The only material needed for the creation of these bridges is a tree, known as Ficus Elastica. This is a species of rubber tree,that can grow to a size of 30-40 meters. These trees have a secondary root system, which causes the roots to grow outwards. The roots grow upwards, towards the upper part of the tree and are incredibly strong. The Ficus can comfortably and sturdily grow from the edges of huge boulders, as well as within the river beds themselves.

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Although the trees grow all on their own, people must use tools and frames to guide the growth of the trees in the desired direction. The trunks of betel nut trees are slices down the middle and hollowed out, and used as a guidance frame for the roots of the Ficus. This causes the new and therefore tender and thin roots to grow straight out, across the river, instead of spreading in all different directions like they would without help. When the roots grow long enough to reach the soil of the other side of the river, they take root. Over time, the roots grow deep into the earth, and provide a sturdy structure that spans from one side of the river to the other. People also choose places a bridge is needed, and plant a tree there. Then they must wait for the tree to grow strong and tall before cultivating a bridge. In this aspect, there is significant planning involved in growing root bridges, and serious patience.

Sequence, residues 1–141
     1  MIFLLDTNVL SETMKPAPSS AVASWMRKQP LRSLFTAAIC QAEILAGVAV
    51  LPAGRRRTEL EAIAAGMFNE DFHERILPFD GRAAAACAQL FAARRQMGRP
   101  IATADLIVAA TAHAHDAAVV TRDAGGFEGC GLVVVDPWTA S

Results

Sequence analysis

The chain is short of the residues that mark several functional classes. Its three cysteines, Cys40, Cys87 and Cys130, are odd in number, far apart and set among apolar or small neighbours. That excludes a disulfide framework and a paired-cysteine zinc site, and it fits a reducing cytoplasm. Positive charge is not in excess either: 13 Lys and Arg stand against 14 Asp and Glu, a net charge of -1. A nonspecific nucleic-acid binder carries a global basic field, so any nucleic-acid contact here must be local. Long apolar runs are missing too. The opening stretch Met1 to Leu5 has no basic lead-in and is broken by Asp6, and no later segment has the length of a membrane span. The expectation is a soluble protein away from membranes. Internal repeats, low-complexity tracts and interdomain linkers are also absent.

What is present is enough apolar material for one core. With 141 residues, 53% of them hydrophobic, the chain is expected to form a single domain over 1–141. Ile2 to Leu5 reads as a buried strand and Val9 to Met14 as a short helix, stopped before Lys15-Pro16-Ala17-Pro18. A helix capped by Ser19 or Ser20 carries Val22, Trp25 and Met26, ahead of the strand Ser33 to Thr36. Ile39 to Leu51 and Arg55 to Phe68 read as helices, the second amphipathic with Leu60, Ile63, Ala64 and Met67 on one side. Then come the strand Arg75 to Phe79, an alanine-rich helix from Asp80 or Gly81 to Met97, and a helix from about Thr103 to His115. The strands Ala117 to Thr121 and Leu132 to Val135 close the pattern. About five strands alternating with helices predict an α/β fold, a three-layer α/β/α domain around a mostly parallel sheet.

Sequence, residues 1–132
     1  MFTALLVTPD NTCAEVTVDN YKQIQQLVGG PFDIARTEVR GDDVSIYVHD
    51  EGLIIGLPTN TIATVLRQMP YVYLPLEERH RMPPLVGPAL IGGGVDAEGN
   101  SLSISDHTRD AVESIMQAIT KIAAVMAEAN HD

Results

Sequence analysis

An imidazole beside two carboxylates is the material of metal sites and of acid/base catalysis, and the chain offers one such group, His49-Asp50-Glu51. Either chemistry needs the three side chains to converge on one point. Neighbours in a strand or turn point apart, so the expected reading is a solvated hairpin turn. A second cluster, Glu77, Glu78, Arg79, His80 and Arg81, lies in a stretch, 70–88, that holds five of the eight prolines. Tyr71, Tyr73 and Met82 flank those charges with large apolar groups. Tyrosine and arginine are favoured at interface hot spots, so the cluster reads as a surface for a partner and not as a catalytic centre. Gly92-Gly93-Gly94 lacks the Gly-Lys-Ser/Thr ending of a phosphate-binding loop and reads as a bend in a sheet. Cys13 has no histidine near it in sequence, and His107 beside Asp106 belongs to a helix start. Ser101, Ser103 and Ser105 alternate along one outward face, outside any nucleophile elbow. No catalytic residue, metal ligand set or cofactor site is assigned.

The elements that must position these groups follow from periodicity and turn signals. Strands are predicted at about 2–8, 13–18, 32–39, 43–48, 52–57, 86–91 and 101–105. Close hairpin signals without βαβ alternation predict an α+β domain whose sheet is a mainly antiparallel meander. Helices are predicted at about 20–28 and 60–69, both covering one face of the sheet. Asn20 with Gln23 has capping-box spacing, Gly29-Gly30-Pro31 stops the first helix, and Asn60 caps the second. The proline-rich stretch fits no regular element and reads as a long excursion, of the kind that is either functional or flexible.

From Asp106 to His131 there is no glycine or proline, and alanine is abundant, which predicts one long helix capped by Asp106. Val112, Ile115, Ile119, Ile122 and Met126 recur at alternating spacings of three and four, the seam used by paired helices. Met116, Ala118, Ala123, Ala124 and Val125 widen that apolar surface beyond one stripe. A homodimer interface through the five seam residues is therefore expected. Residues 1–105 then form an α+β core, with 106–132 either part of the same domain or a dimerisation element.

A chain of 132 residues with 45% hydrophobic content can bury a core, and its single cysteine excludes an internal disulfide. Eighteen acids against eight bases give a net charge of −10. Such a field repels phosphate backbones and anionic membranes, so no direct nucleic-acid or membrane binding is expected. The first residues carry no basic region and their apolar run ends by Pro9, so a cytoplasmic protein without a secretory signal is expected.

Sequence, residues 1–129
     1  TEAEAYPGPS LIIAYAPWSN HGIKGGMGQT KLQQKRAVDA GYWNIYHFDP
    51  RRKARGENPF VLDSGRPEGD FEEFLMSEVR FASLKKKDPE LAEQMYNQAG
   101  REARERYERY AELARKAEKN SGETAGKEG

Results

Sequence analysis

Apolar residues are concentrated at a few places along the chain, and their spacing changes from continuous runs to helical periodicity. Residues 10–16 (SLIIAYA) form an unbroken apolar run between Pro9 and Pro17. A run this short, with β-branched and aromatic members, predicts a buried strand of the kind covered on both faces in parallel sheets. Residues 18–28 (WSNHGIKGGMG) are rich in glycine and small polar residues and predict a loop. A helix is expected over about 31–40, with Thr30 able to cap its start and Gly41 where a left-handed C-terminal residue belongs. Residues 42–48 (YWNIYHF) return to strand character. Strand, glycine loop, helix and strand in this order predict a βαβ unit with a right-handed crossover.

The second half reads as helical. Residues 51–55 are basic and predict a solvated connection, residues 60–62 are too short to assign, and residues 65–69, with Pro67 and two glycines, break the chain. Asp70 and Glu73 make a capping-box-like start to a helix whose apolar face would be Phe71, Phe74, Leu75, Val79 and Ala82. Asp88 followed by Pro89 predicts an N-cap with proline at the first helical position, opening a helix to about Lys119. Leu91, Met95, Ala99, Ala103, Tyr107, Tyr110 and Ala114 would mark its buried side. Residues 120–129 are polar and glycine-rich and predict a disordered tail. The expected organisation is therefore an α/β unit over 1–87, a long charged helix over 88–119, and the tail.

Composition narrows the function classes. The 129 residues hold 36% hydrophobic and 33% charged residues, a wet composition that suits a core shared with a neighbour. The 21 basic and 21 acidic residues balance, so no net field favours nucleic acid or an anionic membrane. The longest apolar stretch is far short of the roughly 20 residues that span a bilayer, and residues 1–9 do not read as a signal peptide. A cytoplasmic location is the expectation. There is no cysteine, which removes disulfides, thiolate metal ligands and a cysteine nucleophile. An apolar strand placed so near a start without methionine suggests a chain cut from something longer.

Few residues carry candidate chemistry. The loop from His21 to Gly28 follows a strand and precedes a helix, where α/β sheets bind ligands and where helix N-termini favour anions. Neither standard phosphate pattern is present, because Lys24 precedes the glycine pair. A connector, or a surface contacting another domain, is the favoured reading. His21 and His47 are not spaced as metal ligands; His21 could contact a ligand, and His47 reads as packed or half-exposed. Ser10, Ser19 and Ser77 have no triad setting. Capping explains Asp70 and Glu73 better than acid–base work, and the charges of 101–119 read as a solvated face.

smoking_guy

Dilligent attention must be paid to this process and it typically takes from 10-15 years for the bridge to be completed. Some of these bridges can hold the weight of 50 people and reach a length of over 100 feet. The most amazing thing about these bridges, is they actually get stronger with age. Through time, the wood of the roots obtain a strength of what is compared  to steel cables. In fact, it is the “alive” aspect of these structures that allows them to be so strong. Their constant growth adds to their durability. It is estimated that some of the “ancient” root bridges used daily by the people in this region are well over 500 years old. Talk about sustainable development.

One of the most astonishing and unique root bridges is believed to be the only one like it in the world. It is two bridges, one growing about 14 feet over the other one.  It is known as the “Umshiang Double-Decker Root Bridge”.